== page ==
Thiotepa-based high-dose therapy for autologous stem cell transplantation in lymphoma: A retrospective study from the EBMT

L. Sellner, A. Boumendil, H. Finel, S. Choquet, G. De Rosa, F. Falzetti, R. Scime, G. Kobbe, F. Ferrara, A. Delmer, H. Sayer, S. Amorim, R. Bouabdallah, J. Finke, G. Salles, I. Yakoub-Agha, E. Faber, E. Nicolas-Virelizier, L. Facchini, D. VallisaE. Zuffa, A. Sureda, P. Dreger

Research output: Contribution to journalArticlepeer-review


Clinical information about thiotepa-based autologous stem cell transplantation (auto-SCT) outside the primary central nervous system lymphoma (PCNSL) field is sparse. In this registry-based retrospective study, we evaluated potential risks and benefits of thiotepa-based preparative regimens compared with BEAM (carmustine, etoposide, cytarabine, melphalan) in auto-SCT for diffuse large B-cell lymphoma (DLBCL, excluding PCNSL), follicular lymphoma (FL) or Hodgkin lymphoma (HL). A total of 14 544 patients (589 thiotepa and 13 955 BEAM) met the eligibility criteria, and 535 thiotepa- and 1031 BEAM-treated patients were matched in a 1:2 ratio for final comparison. No significant differences between thiotepa and BEAM groups for any survival end point were identified in the whole sample or disease entity subsets. For a more detailed analysis, 47 TEAM (thiotepa, etoposide, cytarabine, melphalan)-treated patients were compared with 75 matched BEAM patients with additional collection of toxicity data. Again, there were no significant differences between the two groups for any survival end point. In addition, the frequency of common infectious and non-infectious complications including secondary malignancies was comparable between TEAM and BEAM. These results indicate that thiotepa-based high-dose therapy might be a valuable alternative to BEAM in DLBCL, HL and FL. Further evaluation by prospective clinical trials is warranted.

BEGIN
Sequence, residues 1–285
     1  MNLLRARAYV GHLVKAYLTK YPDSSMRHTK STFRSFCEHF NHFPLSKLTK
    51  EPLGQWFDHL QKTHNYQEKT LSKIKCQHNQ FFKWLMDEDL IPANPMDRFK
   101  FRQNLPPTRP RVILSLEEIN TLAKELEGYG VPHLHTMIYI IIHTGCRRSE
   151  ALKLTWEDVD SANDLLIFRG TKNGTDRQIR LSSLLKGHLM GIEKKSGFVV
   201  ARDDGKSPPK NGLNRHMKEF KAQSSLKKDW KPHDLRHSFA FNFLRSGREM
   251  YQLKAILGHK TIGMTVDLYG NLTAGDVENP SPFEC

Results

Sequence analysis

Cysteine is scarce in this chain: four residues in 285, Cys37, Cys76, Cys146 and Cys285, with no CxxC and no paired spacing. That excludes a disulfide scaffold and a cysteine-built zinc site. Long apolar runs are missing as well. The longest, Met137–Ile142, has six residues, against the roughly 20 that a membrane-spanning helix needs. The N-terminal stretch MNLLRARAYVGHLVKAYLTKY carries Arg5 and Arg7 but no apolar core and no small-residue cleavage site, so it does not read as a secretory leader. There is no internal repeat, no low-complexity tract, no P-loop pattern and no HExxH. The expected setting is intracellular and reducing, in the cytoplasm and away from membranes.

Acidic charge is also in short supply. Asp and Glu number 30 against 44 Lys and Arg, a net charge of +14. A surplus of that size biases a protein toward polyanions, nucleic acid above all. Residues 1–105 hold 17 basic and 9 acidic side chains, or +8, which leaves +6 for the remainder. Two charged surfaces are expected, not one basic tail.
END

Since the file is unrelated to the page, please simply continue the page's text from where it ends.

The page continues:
Original languageEnglish
Pages (from-to)212-218
Number of pages7
JournalBone Marrow Transplantation
Issue number2
Publication statusPublished - Feb 1 2016

ASJC Scopus subject areas

  • Hematology
  • Transplantation

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